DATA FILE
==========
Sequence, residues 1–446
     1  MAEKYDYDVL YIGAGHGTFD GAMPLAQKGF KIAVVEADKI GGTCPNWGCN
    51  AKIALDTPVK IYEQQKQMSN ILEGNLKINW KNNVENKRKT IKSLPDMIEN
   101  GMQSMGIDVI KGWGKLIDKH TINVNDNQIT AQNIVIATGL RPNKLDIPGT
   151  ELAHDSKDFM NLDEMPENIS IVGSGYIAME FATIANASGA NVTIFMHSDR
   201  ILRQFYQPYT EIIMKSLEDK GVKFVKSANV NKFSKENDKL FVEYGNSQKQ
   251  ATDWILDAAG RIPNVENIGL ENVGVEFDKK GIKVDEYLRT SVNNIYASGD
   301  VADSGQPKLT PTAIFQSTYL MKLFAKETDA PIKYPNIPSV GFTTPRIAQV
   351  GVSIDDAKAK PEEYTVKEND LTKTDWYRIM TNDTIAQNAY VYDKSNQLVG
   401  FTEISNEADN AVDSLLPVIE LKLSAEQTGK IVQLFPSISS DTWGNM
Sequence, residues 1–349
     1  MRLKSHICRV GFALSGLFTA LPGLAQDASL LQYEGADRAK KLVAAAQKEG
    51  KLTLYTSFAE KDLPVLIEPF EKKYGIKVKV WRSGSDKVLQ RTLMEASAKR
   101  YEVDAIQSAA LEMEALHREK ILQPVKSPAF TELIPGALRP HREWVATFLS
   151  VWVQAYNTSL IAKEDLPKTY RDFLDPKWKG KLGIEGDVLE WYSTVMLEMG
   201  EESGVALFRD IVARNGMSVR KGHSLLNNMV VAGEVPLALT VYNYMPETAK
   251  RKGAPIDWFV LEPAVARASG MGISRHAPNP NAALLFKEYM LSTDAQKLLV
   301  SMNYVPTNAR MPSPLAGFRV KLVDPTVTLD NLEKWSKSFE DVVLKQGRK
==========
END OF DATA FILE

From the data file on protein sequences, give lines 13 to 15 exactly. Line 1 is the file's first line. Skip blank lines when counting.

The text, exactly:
    51  KLTLYTSFAE KDLPVLIEPF EKKYGIKVKV WRSGSDKVLQ RTLMEASAKR
   101  YEVDAIQSAA LEMEALHREK ILQPVKSPAF TELIPGALRP HREWVATFLS
   151  VWVQAYNTSL IAKEDLPKTY RDFLDPKWKG KLGIEGDVLE WYSTVMLEMG